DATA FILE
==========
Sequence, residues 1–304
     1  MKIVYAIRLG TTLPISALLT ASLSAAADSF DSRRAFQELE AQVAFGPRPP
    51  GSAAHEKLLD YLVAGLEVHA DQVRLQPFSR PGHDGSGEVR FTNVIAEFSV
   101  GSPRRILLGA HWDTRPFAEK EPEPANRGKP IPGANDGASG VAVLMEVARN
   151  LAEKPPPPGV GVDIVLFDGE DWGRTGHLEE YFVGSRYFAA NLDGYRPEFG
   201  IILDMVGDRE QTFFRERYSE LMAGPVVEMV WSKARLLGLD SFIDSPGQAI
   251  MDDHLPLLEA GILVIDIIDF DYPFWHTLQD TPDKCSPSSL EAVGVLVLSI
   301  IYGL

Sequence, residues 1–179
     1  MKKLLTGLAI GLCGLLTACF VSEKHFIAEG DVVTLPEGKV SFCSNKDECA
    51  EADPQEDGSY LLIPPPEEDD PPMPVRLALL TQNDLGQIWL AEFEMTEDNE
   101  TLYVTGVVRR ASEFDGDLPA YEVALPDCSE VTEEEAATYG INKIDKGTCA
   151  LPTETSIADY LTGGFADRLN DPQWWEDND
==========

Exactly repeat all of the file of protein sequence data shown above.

Sequence, residues 1–304
     1  MKIVYAIRLG TTLPISALLT ASLSAAADSF DSRRAFQELE AQVAFGPRPP
    51  GSAAHEKLLD YLVAGLEVHA DQVRLQPFSR PGHDGSGEVR FTNVIAEFSV
   101  GSPRRILLGA HWDTRPFAEK EPEPANRGKP IPGANDGASG VAVLMEVARN
   151  LAEKPPPPGV GVDIVLFDGE DWGRTGHLEE YFVGSRYFAA NLDGYRPEFG
   201  IILDMVGDRE QTFFRERYSE LMAGPVVEMV WSKARLLGLD SFIDSPGQAI
   251  MDDHLPLLEA GILVIDIIDF DYPFWHTLQD TPDKCSPSSL EAVGVLVLSI
   301  IYGL

Sequence, residues 1–179
     1  MKKLLTGLAI GLCGLLTACF VSEKHFIAEG DVVTLPEGKV SFCSNKDECA
    51  EADPQEDGSY LLIPPPEEDD PPMPVRLALL TQNDLGQIWL AEFEMTEDNE
   101  TLYVTGVVRR ASEFDGDLPA YEVALPDCSE VTEEEAATYG INKIDKGTCA
   151  LPTETSIADY LTGGFADRLN DPQWWEDND